measure internal performance (such as inventory use)
profitability ratios
describe profits relative to source (such as sales)
leverage ratios
evaluate the level of debt
Inadequate liquidity
vulnerability to unexpected expenses
unsatisfactory activity
wasted money, poor sales conversion
poor profitability
weak sales
too much debt
credit risk
balance scorecard
comprehensive control system that balances traditional measures with operational measures
-finanical
-customer
-internal business process
-potential for learning/ growth
financial
financial health and performance
-profit and cost
customer
serving customers, how they view company
- retention, defection, satisfaction, opions
internal business process
production and operation stats
- safety stats, efficiency, quality
potential for learning/growth
change, improvement
- new products, services, innovation
performance metrics
1. forces all managers to set specific goals and measure performance
2. decreases chances of improved performance in one area at the expense of another (suboptimization)
why do people resist change
self interest conflict
lack of understanding and trust
uncertainty
different assessments and goals
self-interest conflict
fear of lose, desire to protect benifits
lack of understanding and trust
Don't understand intentions or purpose, bad past experiences with change
uncertainty
fear of unknown, lack of info
different assessments and goals
people experience different consequences
types of change
product
technology
people
culture
product change
a change in the org product or service outputs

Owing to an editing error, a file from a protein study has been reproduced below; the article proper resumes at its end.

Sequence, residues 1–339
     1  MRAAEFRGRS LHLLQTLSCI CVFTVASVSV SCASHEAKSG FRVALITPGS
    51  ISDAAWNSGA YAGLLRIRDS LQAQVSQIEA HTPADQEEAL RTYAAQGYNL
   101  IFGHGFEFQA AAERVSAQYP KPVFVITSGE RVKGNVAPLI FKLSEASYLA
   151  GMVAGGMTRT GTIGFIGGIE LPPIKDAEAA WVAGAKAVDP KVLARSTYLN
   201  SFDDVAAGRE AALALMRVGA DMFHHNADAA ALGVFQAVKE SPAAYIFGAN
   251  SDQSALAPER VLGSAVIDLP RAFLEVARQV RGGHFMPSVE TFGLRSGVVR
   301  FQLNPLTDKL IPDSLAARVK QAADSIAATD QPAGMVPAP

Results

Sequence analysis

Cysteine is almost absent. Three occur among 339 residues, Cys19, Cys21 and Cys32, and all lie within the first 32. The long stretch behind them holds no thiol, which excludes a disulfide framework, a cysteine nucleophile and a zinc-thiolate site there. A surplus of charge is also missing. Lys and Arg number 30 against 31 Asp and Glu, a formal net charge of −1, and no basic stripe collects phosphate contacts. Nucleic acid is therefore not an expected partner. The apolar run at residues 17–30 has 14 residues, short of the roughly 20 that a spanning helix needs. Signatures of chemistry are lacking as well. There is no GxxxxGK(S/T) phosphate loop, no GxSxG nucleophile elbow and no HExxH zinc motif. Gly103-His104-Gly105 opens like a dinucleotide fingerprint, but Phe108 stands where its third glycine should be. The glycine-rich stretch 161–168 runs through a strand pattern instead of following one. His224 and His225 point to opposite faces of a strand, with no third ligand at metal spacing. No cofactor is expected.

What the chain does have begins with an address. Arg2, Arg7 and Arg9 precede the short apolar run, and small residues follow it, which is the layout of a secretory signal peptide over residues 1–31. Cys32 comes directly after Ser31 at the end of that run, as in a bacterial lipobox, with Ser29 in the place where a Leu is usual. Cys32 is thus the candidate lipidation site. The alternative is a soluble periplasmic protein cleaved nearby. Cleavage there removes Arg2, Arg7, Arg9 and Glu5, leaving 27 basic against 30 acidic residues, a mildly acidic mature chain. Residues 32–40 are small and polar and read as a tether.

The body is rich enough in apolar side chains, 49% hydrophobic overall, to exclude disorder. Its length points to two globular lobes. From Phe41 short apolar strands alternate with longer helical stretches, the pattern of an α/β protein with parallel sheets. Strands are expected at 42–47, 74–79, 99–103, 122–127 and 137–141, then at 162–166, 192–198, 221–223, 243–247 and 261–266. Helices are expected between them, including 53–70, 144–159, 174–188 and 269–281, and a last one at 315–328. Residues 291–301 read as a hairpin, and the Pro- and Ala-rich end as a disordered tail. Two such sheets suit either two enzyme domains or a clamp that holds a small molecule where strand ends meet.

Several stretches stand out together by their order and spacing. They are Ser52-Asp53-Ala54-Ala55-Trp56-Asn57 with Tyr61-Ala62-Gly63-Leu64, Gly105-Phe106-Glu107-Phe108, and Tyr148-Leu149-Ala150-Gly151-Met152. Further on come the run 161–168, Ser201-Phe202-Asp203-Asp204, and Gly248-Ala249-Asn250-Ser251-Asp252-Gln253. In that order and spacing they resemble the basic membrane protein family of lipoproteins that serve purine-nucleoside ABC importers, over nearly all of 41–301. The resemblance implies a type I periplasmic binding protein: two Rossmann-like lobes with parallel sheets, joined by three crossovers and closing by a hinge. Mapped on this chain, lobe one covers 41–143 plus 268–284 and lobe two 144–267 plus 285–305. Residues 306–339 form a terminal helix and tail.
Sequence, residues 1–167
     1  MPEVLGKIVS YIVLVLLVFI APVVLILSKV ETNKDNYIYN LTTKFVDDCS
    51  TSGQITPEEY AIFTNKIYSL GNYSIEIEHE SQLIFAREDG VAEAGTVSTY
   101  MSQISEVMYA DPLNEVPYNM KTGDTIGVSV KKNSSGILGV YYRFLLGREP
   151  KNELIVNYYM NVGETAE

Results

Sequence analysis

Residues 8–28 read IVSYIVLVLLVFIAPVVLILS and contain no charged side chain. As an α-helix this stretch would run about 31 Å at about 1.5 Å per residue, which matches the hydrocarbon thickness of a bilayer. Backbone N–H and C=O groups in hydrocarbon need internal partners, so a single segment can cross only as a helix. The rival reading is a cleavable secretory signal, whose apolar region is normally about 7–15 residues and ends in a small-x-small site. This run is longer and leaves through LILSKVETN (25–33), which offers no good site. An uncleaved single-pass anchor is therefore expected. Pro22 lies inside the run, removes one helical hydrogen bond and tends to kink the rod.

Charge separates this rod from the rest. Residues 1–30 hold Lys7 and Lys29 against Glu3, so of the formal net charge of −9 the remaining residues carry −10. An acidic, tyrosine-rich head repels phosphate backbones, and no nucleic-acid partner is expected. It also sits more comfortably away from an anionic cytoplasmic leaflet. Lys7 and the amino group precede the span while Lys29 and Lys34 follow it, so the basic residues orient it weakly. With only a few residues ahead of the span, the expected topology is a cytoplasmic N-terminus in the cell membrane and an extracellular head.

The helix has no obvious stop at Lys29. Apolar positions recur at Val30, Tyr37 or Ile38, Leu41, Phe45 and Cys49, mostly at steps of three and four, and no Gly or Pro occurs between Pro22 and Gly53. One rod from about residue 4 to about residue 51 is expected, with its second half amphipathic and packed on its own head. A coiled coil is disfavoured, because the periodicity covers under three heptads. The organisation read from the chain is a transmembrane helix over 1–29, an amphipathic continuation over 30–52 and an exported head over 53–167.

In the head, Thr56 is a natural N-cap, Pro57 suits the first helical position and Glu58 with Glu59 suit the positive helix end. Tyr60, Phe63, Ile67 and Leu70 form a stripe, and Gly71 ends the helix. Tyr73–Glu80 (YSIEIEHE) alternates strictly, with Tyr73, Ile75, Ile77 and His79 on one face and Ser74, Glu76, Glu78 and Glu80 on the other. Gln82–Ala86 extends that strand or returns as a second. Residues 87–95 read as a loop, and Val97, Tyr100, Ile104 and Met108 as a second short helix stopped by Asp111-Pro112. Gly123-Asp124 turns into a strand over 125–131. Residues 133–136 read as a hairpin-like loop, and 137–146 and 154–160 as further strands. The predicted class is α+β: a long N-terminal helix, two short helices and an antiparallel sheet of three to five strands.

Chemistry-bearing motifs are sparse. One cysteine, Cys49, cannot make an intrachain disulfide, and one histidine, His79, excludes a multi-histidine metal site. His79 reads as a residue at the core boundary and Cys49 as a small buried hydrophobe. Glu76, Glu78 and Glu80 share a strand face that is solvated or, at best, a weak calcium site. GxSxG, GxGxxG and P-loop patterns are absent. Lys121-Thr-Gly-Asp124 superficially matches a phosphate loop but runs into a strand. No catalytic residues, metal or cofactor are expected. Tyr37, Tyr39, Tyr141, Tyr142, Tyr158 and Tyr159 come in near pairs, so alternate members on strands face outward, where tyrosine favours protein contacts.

driven by: low revenue/ sales/ customer satisfaction
purpose: adapt to markets, demands, competition
technology change
a change in the organizations production process/ how work is done
driven by: inefficiency/ new method development
purpose: increase effciency
people change
focus on the individual through training and development
culture change
focus on the entire org through changing values and norms
increasing ability to change
exploration
cooperation
innovation roles
exploration
design org to encourage initiation of new ideas
-creativity
-bottom up
-contest
-idea incubators
cooperation
create conditions to facilitate internal/external coordination, share knowledge
-internal
-external
-open
innovation roles
processes that support entrepreneurship, autonomy, risk taking
-idea champions
-new venture teams
-skunk works
-new venture funds
the change process
unfreezing
changing
refreezing
unfreezing
create motivation to change, manager present critical info
changing
experimentation with new processes/ behaviors, managers communication vision
refreezing
rewards and reinforcement for acceptance, mangers institutionalize change
approaches to overcoming resistance and implenting change
1. create a sense of urgency
2. force field analysis
3. use an implementation tactic to overcome resistance
create sense of urgency
make people aware of need for change; crisis
force-field analysis
evaluate driving and restraining forces
-driving forces
-restraining forces
driving forces
motivation for change
restraining forces
barriers to change
implementation tactics
1. get top management support
2. communication and educate
3. participation
4. negotiate
5. coercion
get top management support
symbolizes, importance of change
-many debts involved or resources reallocated
communicate and educate
info is need, uncertainty, chance is technical
participation
get people involved, see problems early
negotiate
formally bargain to win acceptance and approval
- group has power over implementation
coercion
punishment, formal power
-crisis scenario, last resort